An Australian politician passed a motion while breastfeeding her child Wednesday, becoming the first senator to breastfeed in Parliament while initiating legislature.
Sen. Larissa Waters, draped in a white towel, was in the middle of breastfeeding her three-month-old daughter in the Senate chamber when she called to pass a motion on black lung disease, according to CTV News.
But this isn’t the first time Waters gained international attention for breastfeeding.
She became the first politician to breastfeed her baby in federal Parliament in Australia back in May, following a 2016 ruling allowing mothers to breastfeed in the chamber.
Her daughter Alia Joy has since made regular appearances in the Senate chamber, and even attended a charity ball for politicians and journalists.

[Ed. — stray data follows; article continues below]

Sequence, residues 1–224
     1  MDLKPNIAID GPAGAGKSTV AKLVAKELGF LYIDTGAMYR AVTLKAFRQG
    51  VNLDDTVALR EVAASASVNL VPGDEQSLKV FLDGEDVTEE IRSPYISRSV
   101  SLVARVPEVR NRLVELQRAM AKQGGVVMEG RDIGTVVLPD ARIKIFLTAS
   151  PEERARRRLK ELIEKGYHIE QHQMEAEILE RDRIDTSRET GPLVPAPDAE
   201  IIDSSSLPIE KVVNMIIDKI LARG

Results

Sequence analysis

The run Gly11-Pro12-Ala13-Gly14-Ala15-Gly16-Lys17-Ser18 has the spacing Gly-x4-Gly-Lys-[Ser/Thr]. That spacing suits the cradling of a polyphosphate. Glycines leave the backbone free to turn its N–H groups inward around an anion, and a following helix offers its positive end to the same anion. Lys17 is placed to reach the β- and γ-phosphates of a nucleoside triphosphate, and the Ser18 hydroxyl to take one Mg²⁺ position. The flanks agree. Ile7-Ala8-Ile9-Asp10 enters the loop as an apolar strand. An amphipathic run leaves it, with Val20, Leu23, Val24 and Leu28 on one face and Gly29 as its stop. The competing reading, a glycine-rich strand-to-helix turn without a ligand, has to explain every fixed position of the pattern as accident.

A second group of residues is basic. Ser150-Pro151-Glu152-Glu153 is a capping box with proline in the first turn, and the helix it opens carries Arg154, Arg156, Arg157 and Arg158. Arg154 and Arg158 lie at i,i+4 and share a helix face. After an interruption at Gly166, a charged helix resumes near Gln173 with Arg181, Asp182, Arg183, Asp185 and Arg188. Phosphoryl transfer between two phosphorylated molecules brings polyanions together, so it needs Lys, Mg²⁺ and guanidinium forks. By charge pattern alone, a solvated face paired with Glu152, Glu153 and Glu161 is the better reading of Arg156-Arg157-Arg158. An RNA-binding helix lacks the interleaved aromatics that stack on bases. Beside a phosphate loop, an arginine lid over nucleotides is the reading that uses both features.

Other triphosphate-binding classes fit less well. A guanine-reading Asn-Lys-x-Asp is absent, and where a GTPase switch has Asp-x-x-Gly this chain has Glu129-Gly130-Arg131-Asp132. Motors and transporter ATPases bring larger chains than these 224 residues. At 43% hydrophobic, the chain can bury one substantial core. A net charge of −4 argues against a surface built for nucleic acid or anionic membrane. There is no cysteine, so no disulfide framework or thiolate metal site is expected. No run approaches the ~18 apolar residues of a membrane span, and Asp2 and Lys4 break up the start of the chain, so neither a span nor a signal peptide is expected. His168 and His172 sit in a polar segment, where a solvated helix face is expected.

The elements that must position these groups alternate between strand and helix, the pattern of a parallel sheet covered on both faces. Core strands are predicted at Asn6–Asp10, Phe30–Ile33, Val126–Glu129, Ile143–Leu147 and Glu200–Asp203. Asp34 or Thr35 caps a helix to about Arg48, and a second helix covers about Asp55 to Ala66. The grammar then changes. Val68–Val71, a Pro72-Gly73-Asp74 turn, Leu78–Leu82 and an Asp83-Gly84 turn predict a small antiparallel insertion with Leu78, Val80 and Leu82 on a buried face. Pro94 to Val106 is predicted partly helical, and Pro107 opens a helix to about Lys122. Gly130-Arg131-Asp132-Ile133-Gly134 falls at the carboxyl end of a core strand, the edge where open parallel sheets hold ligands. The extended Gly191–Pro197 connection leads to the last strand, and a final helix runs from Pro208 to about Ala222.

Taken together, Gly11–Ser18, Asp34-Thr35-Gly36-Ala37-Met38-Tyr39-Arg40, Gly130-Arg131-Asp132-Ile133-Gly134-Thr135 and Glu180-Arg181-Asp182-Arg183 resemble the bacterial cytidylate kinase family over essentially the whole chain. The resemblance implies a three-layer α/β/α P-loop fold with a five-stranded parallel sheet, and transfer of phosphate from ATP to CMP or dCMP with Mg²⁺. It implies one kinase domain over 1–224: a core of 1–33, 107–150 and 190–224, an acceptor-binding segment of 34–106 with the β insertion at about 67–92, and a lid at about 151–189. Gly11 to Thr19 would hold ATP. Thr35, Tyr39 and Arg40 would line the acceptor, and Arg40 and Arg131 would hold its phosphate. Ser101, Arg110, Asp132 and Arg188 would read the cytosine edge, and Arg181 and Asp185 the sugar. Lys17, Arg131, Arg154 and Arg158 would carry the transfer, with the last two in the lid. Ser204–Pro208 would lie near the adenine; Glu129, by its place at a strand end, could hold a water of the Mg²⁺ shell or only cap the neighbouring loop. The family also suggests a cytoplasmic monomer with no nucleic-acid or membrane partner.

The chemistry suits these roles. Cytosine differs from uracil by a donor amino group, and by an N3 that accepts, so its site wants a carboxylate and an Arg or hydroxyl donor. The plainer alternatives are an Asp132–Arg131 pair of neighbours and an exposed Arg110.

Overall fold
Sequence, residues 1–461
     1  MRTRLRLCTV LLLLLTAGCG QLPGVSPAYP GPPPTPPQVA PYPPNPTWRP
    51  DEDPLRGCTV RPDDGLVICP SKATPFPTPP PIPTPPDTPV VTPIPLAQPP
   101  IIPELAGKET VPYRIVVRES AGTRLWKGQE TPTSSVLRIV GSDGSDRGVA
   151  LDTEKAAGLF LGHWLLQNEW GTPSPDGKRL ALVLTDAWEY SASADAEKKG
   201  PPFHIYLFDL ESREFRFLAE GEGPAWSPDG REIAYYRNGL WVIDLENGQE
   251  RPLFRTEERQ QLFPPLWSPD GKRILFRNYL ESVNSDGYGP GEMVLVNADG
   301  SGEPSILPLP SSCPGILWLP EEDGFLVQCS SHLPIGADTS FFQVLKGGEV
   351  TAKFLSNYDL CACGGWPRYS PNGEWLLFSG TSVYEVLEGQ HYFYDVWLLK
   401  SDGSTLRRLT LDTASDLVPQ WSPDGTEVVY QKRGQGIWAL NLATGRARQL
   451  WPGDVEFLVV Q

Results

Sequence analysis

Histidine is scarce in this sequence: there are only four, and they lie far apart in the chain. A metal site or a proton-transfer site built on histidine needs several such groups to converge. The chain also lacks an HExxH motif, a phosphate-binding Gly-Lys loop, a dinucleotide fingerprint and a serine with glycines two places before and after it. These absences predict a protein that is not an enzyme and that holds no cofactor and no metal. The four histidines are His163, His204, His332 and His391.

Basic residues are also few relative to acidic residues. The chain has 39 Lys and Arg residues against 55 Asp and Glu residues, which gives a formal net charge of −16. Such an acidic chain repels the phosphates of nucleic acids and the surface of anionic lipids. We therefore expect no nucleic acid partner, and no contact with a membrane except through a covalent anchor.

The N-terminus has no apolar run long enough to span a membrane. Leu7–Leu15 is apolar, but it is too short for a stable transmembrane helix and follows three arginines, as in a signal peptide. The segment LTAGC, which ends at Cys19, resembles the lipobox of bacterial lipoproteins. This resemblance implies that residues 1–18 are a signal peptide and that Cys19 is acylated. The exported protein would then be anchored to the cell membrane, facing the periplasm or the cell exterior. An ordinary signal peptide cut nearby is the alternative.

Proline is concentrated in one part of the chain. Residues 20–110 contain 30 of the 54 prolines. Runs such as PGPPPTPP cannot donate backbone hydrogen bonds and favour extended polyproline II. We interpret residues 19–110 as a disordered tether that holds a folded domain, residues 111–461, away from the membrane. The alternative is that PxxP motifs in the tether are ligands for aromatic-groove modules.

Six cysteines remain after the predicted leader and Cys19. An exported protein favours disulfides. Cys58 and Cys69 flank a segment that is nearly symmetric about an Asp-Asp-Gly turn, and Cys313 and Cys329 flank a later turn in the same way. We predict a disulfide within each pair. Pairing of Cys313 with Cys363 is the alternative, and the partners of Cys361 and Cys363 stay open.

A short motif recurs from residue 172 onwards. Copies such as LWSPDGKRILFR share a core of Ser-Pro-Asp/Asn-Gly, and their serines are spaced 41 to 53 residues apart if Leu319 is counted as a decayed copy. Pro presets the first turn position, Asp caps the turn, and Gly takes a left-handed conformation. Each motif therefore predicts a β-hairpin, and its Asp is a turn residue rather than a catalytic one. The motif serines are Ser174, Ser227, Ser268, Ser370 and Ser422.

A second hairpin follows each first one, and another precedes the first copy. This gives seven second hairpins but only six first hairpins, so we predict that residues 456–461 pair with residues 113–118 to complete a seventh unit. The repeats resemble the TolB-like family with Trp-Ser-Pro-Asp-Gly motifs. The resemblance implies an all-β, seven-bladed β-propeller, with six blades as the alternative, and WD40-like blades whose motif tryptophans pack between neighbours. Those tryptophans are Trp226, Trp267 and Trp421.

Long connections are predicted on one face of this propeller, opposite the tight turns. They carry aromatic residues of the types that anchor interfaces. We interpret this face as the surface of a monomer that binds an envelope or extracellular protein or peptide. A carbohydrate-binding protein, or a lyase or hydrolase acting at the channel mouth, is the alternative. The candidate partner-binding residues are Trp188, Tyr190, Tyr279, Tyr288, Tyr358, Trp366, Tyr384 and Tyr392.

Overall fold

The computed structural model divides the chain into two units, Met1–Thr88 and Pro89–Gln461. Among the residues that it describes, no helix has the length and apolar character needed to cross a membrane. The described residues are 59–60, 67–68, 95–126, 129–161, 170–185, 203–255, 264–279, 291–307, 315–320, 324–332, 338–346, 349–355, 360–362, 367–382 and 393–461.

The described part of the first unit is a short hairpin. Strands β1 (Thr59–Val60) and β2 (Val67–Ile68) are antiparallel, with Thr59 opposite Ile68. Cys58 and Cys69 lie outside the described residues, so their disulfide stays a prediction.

“First time I’ve had to move a Senate motion while breastfeeding! And my partner in crime moved her own motion just before mine, bless her,” Waters tweeted about the event later Wednesday.
Mothers previously had to leave the chamber to breastfeed and were required to get a proxy for votes, according to The Telegraph.
Waters has been outspoken about allowing parents into Parliament to care for their child and urges more women to breastfeed in session. She helped expand breastfeeding rules in the Senate so that new parents can care for their infants while on the Parliament floor in 2016.
“I am so proud that my daughter Alia is the first baby to be breastfed in the Federal Parliament,” Waters said in May. “We need more women and parents in Parliament. And we need more family-friendly and flexible workplaces, and affordable childcare, for everyone,” she added.
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